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TEDESCO v. USPS

January 17, 1983

ALAN J. TEDESCO, SANDEE CLAYPOOL, FRANK PETRONE, BARRY WEBSTER, FRANKLIN BLACKSTONE, JOSEPH ELSTNER and CRANBERRY TOWNSHIP, a second class township, Butler County, Commonwealth of Pennsylvania, Plaintiffs,
v.
UNITED STATES POSTAL SERVICE, Defendant



The opinion of the court was delivered by: COHILL

 This case turns on a construction of certain provisions of the Postal Reorganization Act, 39 U.S.C. §§ 101-5605 (1976), (hereinafter the "Postal Reorganization Act"). The plaintiffs are individual residents of Cranberry Township, Butler County, Pennsylvania, who have been trying to convince the Postal Service to establish a post office in their township for more than two years. Having failed to persuade the Postal Service, the plaintiffs commenced this suit, alleging that the Postal Service has violated its duty to provide "prompt, reliable and efficient" service. 39 U.S.C. § 101. The Postal Service has moved to dismiss or, in the alternative, for summary judgment. For the reasons which follow, we believe that this court lacks jurisdiction to consider the plaintiffs' service-related complaint and will accordingly dismiss the complaint.

 The plaintiffs allege that 28 U.S.C. § 1339 and 39 U.S.C. § 409(a) provide us with jurisdiction over the complaint.

 28 U.S.C. § 1339 provides that:

 
The district courts shall have original jurisdiction of any civil action arising under any Act of Congress relating to the postal service.

 39 U.S.C. § 409(a) provides that:

 
Except as provided in section 3628 of this title, the United States district courts shall have original but not exclusive jurisdiction over all actions brought by or against the Postal Service. Any action brought in a State court to which the Postal Service is a party may be removed to the appropriate United States district court under the provisions of chapter 89 of title 28.

 While these sections do give the district courts general jurisdiction over cases involving Postal Service, they do not purport to create a cause of action of their own force. Unless the plaintiffs can direct us to a statute or regulation creating the right they seek to enforce, we have no jurisdiction over the subject matter of their dispute with the Postal Service.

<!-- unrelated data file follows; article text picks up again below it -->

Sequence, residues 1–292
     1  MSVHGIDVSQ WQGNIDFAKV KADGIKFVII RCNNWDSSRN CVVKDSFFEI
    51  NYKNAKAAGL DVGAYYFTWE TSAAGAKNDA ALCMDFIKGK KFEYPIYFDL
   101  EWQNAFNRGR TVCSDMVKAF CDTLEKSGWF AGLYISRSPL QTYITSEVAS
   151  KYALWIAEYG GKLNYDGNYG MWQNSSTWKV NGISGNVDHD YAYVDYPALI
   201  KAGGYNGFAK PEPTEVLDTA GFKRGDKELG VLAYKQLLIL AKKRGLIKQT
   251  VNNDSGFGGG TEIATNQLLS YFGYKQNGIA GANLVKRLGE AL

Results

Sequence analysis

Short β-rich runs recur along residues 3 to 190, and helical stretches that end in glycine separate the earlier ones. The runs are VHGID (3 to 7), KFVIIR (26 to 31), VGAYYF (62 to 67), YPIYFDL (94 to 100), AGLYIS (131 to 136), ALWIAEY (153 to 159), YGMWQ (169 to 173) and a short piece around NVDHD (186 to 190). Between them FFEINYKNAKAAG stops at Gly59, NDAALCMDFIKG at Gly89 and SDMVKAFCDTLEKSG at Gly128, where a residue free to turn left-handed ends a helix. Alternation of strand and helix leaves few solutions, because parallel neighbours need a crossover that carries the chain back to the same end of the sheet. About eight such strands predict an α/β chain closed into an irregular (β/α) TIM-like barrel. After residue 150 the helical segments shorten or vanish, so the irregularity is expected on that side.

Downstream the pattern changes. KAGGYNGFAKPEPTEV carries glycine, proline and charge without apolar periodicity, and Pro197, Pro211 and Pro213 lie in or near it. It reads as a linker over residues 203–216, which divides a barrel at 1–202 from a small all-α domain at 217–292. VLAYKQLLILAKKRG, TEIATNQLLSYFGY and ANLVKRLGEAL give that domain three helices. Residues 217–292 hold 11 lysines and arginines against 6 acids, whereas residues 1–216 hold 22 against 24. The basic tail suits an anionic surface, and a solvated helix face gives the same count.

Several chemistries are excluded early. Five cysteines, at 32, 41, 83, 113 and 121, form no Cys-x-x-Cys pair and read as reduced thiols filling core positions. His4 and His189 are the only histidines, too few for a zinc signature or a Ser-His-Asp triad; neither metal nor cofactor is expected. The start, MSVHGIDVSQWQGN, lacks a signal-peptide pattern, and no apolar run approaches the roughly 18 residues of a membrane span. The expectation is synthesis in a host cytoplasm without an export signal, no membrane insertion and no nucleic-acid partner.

The plaintiffs maintain that the provisions of 39 U.S.C. § 101(a), (e) and (g), 39 U.S.C. § 403(b)(3) and 39 U.S.C. § 404(a)(3), impose duties upon the Postal Service which, if breached, give rise to a federal cause of action.

 39 U.S.C. § 101(a), (e) and (g) state that:

 
(a) The United States Postal Service shall be operated as a basic and fundamental service provided to the people by the Government of the United States, authorized by the Constitution, created by Act of Congress, and supported by the people. The Postal Service shall have as its basic function the obligation to provide postal services to bind the Nation together through the personal, educational, literary, and business correspondence of the people. It shall provide prompt, reliable, and efficient services to patrons in all areas and shall render postal services to all communities. The costs of establishing and maintaining the Postal Service shall not be apportioned to impair the overall value of such service to the people.
 
. . . .
 
(e) In determining all policies for postal services, the Postal Service shall give the highest consideration to the requirement for the most expeditious collection, transportation, and delivery of important mail.
 
(g) In planning and building new postal facilities, the Postal Service shall emphasize the need for facilities and equipment designed to create desirable working conditions for its officers and employees, a maximum degree of convenience for efficient postal services, proper access to existing and future air ...

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